Friday 16 September 2022

The Hotel at the End of the World by Kaleb Tuttle, tea

Nobody tells you about the cold ocean breeze at the end of the world that will send shivers down your spine. I clutch the thin shawl that’s wrapped around me even tighter, hoping that tightness of grip might make up for the immovable fact that the fabric itself is quite thin. At least part of the shiver can be accounted for by the fact that the barge has become absolutely abuzz with chatter now that we’re in sight of The Island that is to become my salvation.

            “Is it everything you’d hoped for?” Miss Pembry asked me.

The shawl belongs to Miss Pembry, my new acquaintance who I’ve gotten to know a bit on the ride over here. Miss Pembry, as I’ve come to learn, is a British ex-pat who lived (until today) in the south of France. Her right hand clutches a cup of tea that she’s been nursing for the better part of an hour.

“It does look like the photos,” I say.

This rather lame response draws a polite grunt from Pembry, whose normally steely eyes are looking a bit misty.

            Pembry, myself and the other ten passengers on the barge are the last twelve people on earth. Or, at least, we will be someday very soon. Rising sea levels have rendered nearly the entire world uninhabitable. So, here we are, at what scientists believe will soon be the last remaining piece of livable land in the world. The Island. An island which is owned by a proprietor of a boutique hotel called The Bellevue. Of course, the world’s rich and powerful tried every possible measure to take the hotel away from its proprietor. Legal attacks, unimaginable riches, open threats. But money and laws have no meaning when civilization has all but disappeared.

            I take stock of the other eleven passengers on the barge.There is no discernible pattern that I can see. Old and young, from every country and class. Why had the proprietor chosen us? If anyone knew, they weren’t letting on. As far as I can tell, no one knows much of anything about the proprietor at all.

            A large man in a cane ambles over to us. A retired Ghanaian doctor, he had told me earlier, his name is Isaac. He introduces himself to Miss Pembry and he remembers my name (Ciarra) from our earlier interaction.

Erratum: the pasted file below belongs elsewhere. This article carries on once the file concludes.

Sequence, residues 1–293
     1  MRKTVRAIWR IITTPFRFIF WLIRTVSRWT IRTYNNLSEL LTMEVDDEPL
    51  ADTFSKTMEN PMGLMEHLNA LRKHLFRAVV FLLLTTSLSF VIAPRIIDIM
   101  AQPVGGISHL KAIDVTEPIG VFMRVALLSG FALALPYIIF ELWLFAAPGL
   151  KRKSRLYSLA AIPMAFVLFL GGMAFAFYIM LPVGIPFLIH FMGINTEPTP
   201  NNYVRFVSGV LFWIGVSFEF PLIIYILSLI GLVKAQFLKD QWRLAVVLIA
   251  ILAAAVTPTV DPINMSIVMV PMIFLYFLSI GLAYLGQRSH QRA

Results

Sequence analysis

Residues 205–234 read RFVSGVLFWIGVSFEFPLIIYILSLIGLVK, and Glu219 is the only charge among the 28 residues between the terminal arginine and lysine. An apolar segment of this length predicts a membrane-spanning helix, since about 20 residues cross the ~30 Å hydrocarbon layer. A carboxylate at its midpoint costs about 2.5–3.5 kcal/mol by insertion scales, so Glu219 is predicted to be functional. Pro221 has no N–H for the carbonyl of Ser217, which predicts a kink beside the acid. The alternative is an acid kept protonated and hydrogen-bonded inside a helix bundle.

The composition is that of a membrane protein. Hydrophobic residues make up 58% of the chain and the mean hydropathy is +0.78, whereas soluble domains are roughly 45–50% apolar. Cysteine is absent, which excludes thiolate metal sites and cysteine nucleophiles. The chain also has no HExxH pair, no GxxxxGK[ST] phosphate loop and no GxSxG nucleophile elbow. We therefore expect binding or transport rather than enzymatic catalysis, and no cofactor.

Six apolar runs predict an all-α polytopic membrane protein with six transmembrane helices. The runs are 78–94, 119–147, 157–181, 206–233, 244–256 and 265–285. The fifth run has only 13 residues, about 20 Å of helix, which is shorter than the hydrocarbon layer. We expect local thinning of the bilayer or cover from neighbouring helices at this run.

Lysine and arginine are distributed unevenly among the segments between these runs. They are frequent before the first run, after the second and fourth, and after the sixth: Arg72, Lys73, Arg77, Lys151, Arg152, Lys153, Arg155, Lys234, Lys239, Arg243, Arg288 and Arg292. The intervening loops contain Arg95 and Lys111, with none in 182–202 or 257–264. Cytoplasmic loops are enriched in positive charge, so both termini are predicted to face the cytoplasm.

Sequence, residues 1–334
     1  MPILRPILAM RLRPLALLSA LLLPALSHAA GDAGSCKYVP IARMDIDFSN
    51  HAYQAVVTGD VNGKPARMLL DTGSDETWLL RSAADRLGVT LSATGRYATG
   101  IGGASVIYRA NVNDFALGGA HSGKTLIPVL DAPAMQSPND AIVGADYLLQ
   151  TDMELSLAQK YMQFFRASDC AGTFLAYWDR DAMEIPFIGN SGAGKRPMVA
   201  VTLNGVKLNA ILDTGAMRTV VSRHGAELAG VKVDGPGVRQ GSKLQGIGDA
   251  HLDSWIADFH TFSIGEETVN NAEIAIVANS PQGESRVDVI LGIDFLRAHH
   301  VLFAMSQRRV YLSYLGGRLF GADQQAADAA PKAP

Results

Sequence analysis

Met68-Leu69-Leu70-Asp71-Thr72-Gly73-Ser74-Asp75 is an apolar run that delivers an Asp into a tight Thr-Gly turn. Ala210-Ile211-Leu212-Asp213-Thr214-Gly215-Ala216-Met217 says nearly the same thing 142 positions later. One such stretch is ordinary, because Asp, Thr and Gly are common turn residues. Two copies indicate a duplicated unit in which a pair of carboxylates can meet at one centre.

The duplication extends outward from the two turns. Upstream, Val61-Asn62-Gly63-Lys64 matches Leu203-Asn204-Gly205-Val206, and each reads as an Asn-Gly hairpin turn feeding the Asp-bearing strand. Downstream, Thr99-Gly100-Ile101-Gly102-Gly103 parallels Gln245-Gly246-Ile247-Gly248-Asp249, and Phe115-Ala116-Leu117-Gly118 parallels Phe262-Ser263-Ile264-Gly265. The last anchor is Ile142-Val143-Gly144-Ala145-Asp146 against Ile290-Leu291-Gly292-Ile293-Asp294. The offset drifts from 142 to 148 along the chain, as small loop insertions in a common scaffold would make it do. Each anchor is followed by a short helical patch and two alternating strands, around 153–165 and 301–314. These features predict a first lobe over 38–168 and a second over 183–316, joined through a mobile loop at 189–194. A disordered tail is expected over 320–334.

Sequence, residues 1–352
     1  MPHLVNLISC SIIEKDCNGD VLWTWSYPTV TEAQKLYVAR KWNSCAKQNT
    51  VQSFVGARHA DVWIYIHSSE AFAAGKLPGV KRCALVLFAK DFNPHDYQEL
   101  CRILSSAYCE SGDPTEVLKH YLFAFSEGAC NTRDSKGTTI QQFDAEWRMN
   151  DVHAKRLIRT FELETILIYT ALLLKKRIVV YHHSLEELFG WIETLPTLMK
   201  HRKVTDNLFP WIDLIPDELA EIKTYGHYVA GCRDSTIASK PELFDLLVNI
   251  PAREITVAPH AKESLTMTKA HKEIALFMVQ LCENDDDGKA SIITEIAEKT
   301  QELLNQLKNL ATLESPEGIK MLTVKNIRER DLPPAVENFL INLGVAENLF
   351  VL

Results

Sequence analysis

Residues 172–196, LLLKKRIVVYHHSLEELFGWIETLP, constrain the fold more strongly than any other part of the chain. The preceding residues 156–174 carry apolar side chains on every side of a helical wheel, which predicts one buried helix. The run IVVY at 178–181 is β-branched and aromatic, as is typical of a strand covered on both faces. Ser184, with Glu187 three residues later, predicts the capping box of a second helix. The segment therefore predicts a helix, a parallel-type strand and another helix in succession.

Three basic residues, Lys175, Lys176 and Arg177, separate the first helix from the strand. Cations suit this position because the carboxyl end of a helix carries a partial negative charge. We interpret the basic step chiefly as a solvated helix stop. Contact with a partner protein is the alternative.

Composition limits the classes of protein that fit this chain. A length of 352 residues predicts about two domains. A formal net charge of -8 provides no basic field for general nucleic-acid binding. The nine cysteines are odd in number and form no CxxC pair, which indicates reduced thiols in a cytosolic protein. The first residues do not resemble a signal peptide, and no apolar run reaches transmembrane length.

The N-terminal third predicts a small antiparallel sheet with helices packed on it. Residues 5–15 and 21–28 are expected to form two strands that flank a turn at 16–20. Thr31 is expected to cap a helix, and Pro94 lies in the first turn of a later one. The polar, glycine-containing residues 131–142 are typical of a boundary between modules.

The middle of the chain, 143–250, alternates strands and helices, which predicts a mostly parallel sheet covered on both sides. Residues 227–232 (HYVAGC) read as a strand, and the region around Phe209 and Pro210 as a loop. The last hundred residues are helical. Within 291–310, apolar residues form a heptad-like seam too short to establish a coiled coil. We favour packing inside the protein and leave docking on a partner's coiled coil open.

“We are home,” he says.

            As our boat docks, I take in the island up close for the first time. It looks like it was cut straight out of a tourism brochure. Pristine white sandy beaches, crisp waves, unspoiled nature. I can’t help but smile, though I feel guilt for this flash of happiness almost immediately.

            I think of the people I’ve left behind - a dangerous prospect, to be sure. My mother, my little sister, David - oh, David. Those green eyes that I always thought had some preternatural power to them. Those green eyes, at the bottom of the ocean with everything else. When I received the letter from the proprietor, I screamed and cried. I tried to give it to my sister, but I was told in no uncertain terms that it was non transferable. I cannot, for the life of me, understand why I was chosen.

            A wiry man with thick glasses lets himself onto the barge. Maybe this is the proprietor. My heart skips a beat. He addresses the group.

“Good morning, everyone,” he says. “Welcome to paradise.”

Cheers and applause for this man, tepid at first, then more enthusiastic.

“While the proprietor can’t be with us this morning, he sends his regards and he’s eager to meet you all very soon.”

Disappointed murmurs from a few on the barge.

“I will be reading a letter from him to you now.”

He adjusts his glasses and reads off of a small piece of paper.

“‘While we are very excited to greet you all on the property, there is one rather serious piece of business that we need to resolve first,” he continues. “‘In the course of our acquisition of supplies required for all of our survival, there appears to have been a slight miscalculation.’”

Pins and needles.

“‘Initially, we believed that we could house twelve survivors comfortably for the remainder of their days,” the man says. “‘Now, we know that that number is actually six. I will leave the job to you all to determine which six will stay on the island and which six will depart. Sincerely, The Proprietor.’”

            “Is this a joke?” Isaac demands.

“I’m afraid not,” the man replies.

A slightly delayed mayhem. People shout at the man angrily. A pregnant woman weeps. Miss Pembry, shaking with rage, attempts to bargain with the man. I stand there on the barge, numb. My first foolish thought is to jump into the ocean and let the waves carry me away. Give everyone one less person to worry about.  But I have to survive, I remember. I had told my mother I would. I had promised David.

“Well?” asks a middle-aged Korean man after a few moments. “I’ll be the first to say it. How are we going to choose?”


The silence is broken only by the sound of a terrible, guttural choking.

“Miss Pembry?” I say. “ Are you alright?”

She is choking, struggling for breath. The cup of tea falls out of her hand onto the ground. Within seconds, Pembry is on the ground motionless. I check her pulse.

“Dead,” I say numbly.

Isaac is on the ground next to me, but he has the tea cup in his hands. He puts a droplet on his index finger and tastes it.

“Cyanide,” he says. “Someone killed her.” And then, after a pause: “Someone is choosing for us.”

I look at the other faces on the barge. Some scared, some confused, some inscrutable. I wish I could remember this moment. Who had which expression. Lord knows that I’ve gone back to it again and again.

About the author

 Kaleb is an executive and producer at a Production company in Hollywood. A Originally from the Bay Area, he now lives on the east side of Los Angeles. 
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